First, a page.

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More than anything else, The Great Gatsby centers on the colossal vitality of his illusion The novel The Great Gatsby written by F. Scott Fitzgerald is largely based on the bias views of Daisy Buchanan, Nick Carraway, and Jay Gatsby.
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"More than anything else, The Great Gatsby centers on the colossal vitality of his illusion"
The novel The Great Gatsby written by F. Scott Fitzgerald is largely based on the bias views of Daisy Buchanan, Nick Carraway, and Jay Gatsby. The entirety of the "colossal vitality of his illusion" is seen throughout the novel. This can be seen in a variety of passages but the passage which links these two together is when Gatsby tells Nick Carraway about his time in the war and the "souvenir of Oxford," of which he always carries around. Another example of this is when Carraway says "You can't repeat the past," in which Gatsby replied to him "Can't repeat the past? Why of course you can!" This shows that the novel The Great Gatsby is placed in a land of illusion for Daisy, Nick, and most of all Gatsby.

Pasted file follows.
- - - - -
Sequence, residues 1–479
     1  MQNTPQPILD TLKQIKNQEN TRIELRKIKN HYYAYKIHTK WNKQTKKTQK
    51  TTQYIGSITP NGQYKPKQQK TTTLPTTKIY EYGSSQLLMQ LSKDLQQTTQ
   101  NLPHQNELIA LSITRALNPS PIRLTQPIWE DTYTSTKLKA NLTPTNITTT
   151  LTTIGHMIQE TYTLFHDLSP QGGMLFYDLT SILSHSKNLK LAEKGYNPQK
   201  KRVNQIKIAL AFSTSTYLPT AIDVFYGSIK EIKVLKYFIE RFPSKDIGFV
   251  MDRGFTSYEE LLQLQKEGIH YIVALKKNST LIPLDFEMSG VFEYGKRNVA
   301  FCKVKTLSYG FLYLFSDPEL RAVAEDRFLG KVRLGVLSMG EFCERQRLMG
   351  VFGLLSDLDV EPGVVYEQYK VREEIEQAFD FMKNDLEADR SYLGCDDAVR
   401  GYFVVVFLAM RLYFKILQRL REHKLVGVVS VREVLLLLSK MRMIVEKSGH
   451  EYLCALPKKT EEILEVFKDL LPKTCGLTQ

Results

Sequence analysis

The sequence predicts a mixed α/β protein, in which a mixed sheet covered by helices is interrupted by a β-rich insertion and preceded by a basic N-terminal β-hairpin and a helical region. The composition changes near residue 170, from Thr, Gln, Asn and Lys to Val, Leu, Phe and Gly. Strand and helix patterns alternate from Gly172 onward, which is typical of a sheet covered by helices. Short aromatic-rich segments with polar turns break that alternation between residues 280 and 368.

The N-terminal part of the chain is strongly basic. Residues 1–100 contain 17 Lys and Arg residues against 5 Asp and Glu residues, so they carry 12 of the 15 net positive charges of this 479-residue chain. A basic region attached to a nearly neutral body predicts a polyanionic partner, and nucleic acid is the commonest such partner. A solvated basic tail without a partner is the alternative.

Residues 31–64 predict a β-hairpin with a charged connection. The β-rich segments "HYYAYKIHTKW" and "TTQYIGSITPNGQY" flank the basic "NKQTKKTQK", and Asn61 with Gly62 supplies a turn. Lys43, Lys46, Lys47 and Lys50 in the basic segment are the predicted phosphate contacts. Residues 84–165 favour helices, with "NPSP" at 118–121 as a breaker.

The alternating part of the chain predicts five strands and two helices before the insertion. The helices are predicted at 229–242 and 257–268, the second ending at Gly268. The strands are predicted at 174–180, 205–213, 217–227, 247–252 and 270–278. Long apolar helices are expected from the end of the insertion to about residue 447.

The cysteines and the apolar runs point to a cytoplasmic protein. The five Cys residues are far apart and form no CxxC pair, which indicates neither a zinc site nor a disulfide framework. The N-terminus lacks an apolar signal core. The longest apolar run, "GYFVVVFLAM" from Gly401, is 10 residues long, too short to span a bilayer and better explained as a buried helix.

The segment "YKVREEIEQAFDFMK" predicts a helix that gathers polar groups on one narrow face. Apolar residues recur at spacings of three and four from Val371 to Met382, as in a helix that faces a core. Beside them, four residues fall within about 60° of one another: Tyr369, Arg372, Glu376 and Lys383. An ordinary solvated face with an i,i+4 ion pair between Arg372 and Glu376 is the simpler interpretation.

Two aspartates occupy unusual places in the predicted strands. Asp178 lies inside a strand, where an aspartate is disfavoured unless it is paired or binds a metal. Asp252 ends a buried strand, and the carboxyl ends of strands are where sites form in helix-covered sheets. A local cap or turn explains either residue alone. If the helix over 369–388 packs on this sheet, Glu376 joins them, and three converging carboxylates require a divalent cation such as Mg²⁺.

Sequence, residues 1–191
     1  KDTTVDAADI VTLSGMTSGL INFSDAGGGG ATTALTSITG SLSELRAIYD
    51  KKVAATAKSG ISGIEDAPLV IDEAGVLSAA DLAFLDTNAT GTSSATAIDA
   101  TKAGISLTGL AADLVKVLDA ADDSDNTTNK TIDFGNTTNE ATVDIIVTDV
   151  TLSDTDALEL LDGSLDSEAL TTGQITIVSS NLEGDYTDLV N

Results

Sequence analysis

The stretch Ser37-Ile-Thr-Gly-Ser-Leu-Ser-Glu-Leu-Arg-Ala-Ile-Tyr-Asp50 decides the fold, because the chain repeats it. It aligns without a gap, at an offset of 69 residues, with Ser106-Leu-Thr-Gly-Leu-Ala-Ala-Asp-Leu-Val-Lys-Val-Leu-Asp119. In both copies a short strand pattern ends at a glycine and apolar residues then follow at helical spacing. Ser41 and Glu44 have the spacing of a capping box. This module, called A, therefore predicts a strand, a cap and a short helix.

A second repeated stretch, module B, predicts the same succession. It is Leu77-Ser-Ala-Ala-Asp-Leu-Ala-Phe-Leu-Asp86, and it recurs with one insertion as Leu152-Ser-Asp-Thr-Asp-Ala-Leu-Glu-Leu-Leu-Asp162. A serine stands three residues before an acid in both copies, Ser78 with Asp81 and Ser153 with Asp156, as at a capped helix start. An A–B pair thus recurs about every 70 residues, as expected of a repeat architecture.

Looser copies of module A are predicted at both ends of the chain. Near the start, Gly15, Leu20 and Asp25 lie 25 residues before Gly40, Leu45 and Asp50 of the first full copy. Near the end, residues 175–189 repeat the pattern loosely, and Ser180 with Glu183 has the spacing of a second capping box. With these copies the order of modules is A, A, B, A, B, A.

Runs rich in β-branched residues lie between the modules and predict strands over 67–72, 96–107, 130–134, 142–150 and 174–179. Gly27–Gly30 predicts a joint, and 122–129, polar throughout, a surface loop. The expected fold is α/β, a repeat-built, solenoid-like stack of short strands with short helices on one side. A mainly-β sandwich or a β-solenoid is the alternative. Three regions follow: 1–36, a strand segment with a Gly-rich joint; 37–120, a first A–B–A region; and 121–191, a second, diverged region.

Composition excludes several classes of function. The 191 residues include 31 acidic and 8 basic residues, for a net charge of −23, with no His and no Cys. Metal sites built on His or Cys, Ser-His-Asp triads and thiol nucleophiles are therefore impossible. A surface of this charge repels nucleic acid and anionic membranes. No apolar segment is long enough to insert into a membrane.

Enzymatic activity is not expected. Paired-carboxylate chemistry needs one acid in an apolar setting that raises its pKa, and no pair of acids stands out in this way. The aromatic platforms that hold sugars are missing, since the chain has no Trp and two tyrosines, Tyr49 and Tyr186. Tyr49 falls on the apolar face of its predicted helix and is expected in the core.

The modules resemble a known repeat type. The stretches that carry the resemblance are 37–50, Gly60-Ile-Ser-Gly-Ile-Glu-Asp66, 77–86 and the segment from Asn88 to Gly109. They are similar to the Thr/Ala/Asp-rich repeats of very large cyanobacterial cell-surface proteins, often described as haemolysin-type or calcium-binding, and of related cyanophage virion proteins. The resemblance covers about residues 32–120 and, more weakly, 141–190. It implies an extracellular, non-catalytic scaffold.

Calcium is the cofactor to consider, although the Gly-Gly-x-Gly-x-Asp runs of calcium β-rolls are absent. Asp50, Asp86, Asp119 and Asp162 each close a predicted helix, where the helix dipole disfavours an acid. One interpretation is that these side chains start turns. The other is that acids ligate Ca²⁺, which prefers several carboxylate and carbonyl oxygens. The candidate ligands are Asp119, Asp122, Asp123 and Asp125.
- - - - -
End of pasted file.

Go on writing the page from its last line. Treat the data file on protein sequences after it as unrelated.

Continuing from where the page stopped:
Daisy Buchanan is a beautiful young woman who was extremely popular with the military officers stationed near her home. This included Jay Gatsby. In order to convince Daisy that he was a man who was worthy of her, he lied and told her that he was from a wealthy family.
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